And I know you probably say:
“Well ours is better quality.”
No, no. Don’t say that so quickly because we die faster than they do. So, whatever the hell’s going on, the $2.5 trillion isn’t saving us. All 4 of those countries’ citizens live longer than we do. I don’t mean to be cynical but god you gotta wonder.
Great points. I’m sitting here shaking my head. The numbers are so obvious and the points are so clear and yet nobody’s really coming up with a oslution, a business model that addresses the challenge.
This could be an interesting segue. We've reached the imagination moment in our show. Let's imagine President Obama has some interest in creating jobs now. And it's an interest he may pursue with some conviction in the face of resistance. He picks up his Blackberry and calls you.
Jim, he says, because he's the President.
Some of us here in DC have heard that there may be an unemployment problem here in the US, outside the Beltway. And some of us see job creation as a key aspect of our national security. But we still have this problem.
We want to hear your thoughts, maybe 3 things that we as a nation can do to avert the danger that has not yet come, win this war now before it becomes a war, and create good jobs on a sustainable basis for the next 30 years.
What do you tell him?
Well, I’d say he’s got to focus every decision, every policy he makes, on small to medium-sized businesses. I’m going to call them ‘business builders’. Now, we’ve got a lot of people that need to be taken care of from the aging to unemployed to union workers and all that kind of thing. If he doesn’t consider business builders in every decision that he makes and he doesn’t lighten their saddle rather than make it heavier, we have no chance at all. We will not have sustainable growth with ‘shovel jobs’ or by propping the place up.
We have to have organic job creation that comes from startups and shootups. Or we will not retain our leadership of the free world. That’s first.
The 2nd thing is that the emphasis has gotta be put on entrepreneurship not innovation. And we’ve got to develop all of those sciences. Put your billions into that not innovation. We’ve got enough innovation. We’ve got innovation on the shelves all over this country.
But, the 3rd thing is we gotta make it intentional that cities are the places where these chicks can hatch because that’s where all the variation is.
Those would be the three things right now that would come out of our conversation.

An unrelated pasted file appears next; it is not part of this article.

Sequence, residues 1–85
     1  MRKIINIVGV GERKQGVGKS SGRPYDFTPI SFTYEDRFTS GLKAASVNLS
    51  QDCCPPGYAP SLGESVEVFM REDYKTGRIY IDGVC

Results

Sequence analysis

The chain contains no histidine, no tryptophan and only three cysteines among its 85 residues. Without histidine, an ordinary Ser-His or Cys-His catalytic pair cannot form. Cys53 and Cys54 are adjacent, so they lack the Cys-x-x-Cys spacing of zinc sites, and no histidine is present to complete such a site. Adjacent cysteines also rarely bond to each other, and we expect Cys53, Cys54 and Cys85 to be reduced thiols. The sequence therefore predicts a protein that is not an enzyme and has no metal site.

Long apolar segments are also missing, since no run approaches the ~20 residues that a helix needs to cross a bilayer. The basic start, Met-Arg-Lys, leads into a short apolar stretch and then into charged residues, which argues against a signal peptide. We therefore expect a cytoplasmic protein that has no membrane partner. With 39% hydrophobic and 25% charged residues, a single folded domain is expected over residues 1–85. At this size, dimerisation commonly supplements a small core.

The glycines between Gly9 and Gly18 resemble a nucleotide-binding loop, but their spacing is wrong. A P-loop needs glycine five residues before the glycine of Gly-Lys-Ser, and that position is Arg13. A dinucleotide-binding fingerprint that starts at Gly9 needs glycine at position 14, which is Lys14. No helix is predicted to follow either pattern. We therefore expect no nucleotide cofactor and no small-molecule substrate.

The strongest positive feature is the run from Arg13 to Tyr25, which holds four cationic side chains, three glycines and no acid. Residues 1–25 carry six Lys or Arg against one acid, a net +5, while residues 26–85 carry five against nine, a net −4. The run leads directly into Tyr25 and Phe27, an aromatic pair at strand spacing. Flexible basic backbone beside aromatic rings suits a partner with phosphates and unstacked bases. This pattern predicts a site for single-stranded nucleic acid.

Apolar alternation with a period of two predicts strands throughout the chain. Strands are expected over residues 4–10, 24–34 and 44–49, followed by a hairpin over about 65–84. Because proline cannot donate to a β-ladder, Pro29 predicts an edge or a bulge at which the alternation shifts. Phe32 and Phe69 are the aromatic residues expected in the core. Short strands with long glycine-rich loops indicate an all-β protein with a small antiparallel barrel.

And I appreciate this conversation very much.
Thank you for that. Your answer was very concise. And it’s music to my ears when you talk about the role of small business in creating jobs andcommunities and sustainable economies.
Leaders are readers. Jim Rohn says that. I just quote him. You're a leader. What are you reading in all your free time?
But the reason I say that is the best thing the US can do, I can’t give a very good report on that right now, but we’ve got to figure out how the whole Middle East is a market of ours. I like to pick magazines and publications that are doing some real extreme thinking about how we can have business partnerships in that part of the world.
We have some. But you take a company like Mars candybars. God, I love companies like that; they’re selling candybars and things like that. You know the friendship that they develop with that? There is nothing more respectful in the world than American business like Mars, but I shouldn’t say names of companies but they come to you and say:
“We’d like to go in business with you and have you handle our pet products.”
And everybody gets excited. People forget about religion and occupation and all that.
I’m trying to do as much reading as I can to figure out how the US can have a different relationship with the whole world, rather than having one driven by military or political force but by business force.
That’s what people want. They want jobs.
That’s such a beautiful point. In that common goal of having a job you address all the primal needs that humans have. Welfare, security, an opportunity for our family to grow, an opportunity to thrive and reach our dreams for our children. And it transcends all of these other areas.
Thank you for sitting in a coffee shop in order to do this interview.
Thanks for having an interest in Gallup and our research.
Thanks for being such a good friend and partner with Gallup. That means a lot to me.
Can you leave us with one final quote on The Coming Jobs War?
I’ll leave you with one of America’s most influential list. A famous Iowan, named Dr. George Gallup. He said that:
“If democracy is about the will of the people, somebody ought to go find out what that will is.”
There’s genius in that remark. The answer to that question right now is:
“The will of democracy right now is to have a good job. So, we oughta go fill that need if we want to hold the republic together.”
Thanks for taking the time for this conversation! Thank you. This has been a delight. And all of the guests from the Gallup organization I have interviewed on this show have been a delight. Tom Rieger with Breaking the Fear Barrier, Brian Brim with Strengths Based Selling and Tom Rath with Wellbeing. All great books, well-written with ample research and actionable steps and the authors were great guests. Thank you!